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02-16-2018 exclusive: Sea birds of the north

It was over five years ago but it seems so very recent.  I spent the Fourth of July in a small boat out on the ocean with the other man who was monitoring fishing in a small bay on Afognak Island in Alaska.  We sat in the small boat with an even smaller outboard motor, sipped beer and just took in our surroundings.  The weather was cold for those used to Fourth of July further south but it was pleasant.  All around us, the air and sea were full of life.  

Puffins took off from the water with frantically beating wings, skimming the sea surface even longer than a duck on a pond.  Puffin wings are tiny, an evolutionary compromise between swimming and flying.  To me, puffins with their bright beaks and manic flapping always resemble clowns on the wing.  Puffins can administer surprisingly nasty bites though.  I remember from my time helping with sea bird research on Middleton Island in Alaska, researchers fear of the bird’s beak.

Gulls seemed to be flying everywhere on that preternaturally bright, cool summer day, flying with more grace and noise than the puffins.  Most people have memories of gulls from childhood.  I know I was encouraged to feed gulls pieces of bread on the beach as a kid (a practice I think shouldn’t be encouraged as it’s not good for birds).  There is more than one gull in Alaska and other northern regions, including Black-legged Kittiwakes, Red-Legged Kittiwakes, Glaucous-Winged Gulls, and Ring-Billed Gulls.  I’m certainly no expert on gulls but I have personal experience working with black-legged kittiwakes and glaucous-winged gulls.

The kittiwakes were part of a research project which involved feeding a portion of the nesting population fish additional to those they caught.  Surprisingly, the chicks which benefited from extra fish, took longer to grow and leave the nest, not being rushed into finding their own food by necessity.  Generally the kittiwakes were pretty ruthless, fighting over nest spots and pushing off other bird’s eggs and chicks to fall great distances just to lay their own eggs.  In one case I watched a new pair of birds force parents with a chick nearly fledged off their nest.  It seemed like the chick was doomed to death until the interlopers started feeding the chick as if she were their own.  

I have no such nice story for the glaucous-winged gull.  As a volunteer I collected data on nesting glaucous-wings on a rocky beach spotted with ferns and short bushes.  The glaucous-winged gulls are exceedingly territorial and will kill a chick or adult that strays unknowingly into another bird’s territory.  I was told that once a volunteer was taking measurements on a large glaucous-wing chick when the chick vomited another chicks disembodied leg onto the volunteer’s boot.  The leg still had a band placed on its ankle for research.  However violent and uncaring the glaucous-winged gull may appear though, it’s important to note that their violence has a lot more desperate purpose than our own.  It’s hard to imagine any gull killing another for religion, money or a fit of anger but solely for the cold reality of survival of the fittest.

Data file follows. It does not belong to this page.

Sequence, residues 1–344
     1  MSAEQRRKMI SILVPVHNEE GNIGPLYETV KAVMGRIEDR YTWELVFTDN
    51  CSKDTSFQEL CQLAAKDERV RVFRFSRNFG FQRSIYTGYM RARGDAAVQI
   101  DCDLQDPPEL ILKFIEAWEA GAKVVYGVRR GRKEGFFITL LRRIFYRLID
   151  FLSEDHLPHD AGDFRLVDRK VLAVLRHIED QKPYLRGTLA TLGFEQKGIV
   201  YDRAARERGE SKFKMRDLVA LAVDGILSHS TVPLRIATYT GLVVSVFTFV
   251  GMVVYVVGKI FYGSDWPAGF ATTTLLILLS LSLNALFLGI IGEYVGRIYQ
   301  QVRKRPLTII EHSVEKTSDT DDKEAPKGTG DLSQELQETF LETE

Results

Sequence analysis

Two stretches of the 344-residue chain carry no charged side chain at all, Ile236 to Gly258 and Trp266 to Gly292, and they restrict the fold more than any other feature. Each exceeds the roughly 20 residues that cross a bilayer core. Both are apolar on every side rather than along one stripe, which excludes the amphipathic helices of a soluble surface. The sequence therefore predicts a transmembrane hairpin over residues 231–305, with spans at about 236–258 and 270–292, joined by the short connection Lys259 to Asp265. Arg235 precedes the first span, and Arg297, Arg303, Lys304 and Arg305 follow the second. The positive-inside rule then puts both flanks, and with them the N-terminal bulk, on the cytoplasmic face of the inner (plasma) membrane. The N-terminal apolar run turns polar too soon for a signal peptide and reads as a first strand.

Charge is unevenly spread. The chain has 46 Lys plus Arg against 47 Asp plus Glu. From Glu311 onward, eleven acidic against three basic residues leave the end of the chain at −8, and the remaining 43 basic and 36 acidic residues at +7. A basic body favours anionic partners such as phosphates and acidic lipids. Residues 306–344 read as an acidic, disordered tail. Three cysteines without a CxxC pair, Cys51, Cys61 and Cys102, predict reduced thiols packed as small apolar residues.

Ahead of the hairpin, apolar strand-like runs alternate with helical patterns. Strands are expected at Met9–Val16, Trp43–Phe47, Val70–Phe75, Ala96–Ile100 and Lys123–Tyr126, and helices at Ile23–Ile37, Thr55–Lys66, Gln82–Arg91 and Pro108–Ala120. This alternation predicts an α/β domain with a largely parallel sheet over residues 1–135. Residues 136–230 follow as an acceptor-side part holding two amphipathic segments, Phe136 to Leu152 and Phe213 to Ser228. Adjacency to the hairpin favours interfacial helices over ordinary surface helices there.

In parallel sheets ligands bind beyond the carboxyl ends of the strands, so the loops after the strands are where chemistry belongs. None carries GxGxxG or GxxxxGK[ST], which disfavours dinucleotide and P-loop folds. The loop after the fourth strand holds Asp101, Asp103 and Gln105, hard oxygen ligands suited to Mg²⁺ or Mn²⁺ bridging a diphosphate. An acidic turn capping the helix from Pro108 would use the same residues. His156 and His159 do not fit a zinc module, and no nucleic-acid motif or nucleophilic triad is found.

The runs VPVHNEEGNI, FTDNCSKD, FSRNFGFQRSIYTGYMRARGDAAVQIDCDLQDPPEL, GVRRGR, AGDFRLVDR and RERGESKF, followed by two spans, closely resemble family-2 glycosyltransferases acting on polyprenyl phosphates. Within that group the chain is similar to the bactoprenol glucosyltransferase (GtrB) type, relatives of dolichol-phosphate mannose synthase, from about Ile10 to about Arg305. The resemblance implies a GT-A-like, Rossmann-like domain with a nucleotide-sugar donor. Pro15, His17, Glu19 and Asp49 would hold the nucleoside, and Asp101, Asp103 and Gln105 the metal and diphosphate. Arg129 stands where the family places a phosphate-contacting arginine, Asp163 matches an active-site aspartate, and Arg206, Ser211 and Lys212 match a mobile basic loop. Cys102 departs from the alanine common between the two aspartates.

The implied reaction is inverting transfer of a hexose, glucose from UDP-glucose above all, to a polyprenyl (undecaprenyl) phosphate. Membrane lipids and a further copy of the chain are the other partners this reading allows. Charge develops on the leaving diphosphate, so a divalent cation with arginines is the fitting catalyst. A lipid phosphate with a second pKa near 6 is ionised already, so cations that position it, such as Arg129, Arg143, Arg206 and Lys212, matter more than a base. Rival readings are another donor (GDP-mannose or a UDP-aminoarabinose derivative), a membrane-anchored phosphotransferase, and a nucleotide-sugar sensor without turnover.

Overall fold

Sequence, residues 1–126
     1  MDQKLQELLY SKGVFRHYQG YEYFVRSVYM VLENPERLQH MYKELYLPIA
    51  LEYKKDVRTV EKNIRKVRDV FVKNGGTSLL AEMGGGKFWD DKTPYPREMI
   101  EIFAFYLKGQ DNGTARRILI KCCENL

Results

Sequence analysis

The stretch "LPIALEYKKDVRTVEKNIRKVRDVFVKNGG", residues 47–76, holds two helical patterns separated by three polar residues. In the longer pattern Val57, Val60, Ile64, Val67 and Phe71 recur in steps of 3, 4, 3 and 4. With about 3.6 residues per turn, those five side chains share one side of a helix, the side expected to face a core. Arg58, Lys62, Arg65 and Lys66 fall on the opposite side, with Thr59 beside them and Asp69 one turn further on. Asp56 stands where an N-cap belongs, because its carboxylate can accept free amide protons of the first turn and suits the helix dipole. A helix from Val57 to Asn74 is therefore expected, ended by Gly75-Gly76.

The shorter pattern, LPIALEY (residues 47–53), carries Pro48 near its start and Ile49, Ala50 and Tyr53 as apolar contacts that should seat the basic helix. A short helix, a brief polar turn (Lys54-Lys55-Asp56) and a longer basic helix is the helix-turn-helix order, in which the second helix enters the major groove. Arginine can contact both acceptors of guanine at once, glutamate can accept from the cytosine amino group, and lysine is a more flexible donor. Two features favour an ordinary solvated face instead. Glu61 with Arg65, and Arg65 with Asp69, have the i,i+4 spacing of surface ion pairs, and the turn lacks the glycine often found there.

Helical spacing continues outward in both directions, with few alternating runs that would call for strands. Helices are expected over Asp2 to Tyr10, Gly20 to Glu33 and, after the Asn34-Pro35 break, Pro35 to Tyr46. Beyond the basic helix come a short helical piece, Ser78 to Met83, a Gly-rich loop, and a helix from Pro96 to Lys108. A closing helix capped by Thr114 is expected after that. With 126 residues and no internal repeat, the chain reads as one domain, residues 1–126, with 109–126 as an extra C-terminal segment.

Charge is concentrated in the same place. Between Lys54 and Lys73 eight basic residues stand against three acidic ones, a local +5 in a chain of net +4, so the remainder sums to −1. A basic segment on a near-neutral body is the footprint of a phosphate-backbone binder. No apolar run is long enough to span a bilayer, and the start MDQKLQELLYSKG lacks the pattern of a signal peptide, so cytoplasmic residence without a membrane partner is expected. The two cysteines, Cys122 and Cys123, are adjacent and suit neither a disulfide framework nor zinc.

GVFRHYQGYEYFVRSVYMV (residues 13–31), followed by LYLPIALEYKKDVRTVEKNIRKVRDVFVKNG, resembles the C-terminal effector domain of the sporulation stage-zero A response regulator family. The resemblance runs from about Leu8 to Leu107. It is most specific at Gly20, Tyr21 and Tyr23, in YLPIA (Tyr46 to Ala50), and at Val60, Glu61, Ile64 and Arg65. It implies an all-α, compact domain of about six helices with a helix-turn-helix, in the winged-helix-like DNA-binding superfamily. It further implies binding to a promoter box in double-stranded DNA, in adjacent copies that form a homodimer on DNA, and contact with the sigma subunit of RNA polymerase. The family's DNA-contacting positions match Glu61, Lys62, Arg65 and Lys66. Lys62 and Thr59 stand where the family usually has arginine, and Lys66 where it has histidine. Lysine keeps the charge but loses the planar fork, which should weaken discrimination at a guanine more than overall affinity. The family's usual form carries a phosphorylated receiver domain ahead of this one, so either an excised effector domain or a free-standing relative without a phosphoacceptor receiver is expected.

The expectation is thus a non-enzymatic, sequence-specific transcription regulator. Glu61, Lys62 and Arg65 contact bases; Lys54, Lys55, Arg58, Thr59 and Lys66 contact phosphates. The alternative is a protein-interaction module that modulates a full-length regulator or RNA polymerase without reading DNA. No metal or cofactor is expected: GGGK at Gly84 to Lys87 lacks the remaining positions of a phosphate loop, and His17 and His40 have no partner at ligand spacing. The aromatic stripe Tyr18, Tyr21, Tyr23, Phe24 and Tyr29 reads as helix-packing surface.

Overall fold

Murres are a little-known arctic and subarctic bird.  The name Murre actually comes from the French word for penguin.  It’s a strange comment on the history of exploration that the southern penguins would be known by the French before the northern Murre but the name appears apt.  Murres are black backed and white bellied.  Common Murres and Thick-billed Murres are hard to discriminate between, being so similar in appearance.  Murres seem so fragile, laying their single egg directly on cliffs with no plants to pad them.  Indeed many times hungry gulls will pull the nesting Murre off egg or chick to relentlessly feed.  Later in the summer one can see Murre father teaching their single chicks to swim and fish.  If a Murre isn’t taught these vital skills by his/her father, they won’t survive.  

Throughout Alaska and the northern oceans as a whole there is an abundance of amazing avian forms.  There are snake-necked Pelagic Cormorants with stubby webbed feet and lovely diving abilities found in Alaskan waters.  Rhinoceros Auklets are similar to puffins with smaller bills topped in a tiny ‘horn’, burrowing into soft cliffs by the sea where they nest.  There is the exotic beauty of the red-necked phalarope.  To those from Minnesota it might come as a surprise that the Pacific Loon winters sometimes on the open ocean; the same is true of Common Loons.  Black Oyster Catchers with their telltale long orange bills forage along rocky coasts where they nest.  Ducks include the bright Harlequin Duck, more monochromatic Bufflehead and the Long-Tailed Duck.

The oceans of the north are chock full of abundance, a writhing mass of life in summer and seemingly empty in the winter.  Birds, fish and mammals move together in complex patterns, eating and being eaten by microbes and each other.  Life in the north seems to live in bursts, birds you watched hatch from eggs are fledging in what seems a breathlessly short period.  The demands of weather demand much but on that Fourth of July, when I luxuriated in a boat, life was good for bird and man.

By Zach Fitzner, Contributing Writer                                                


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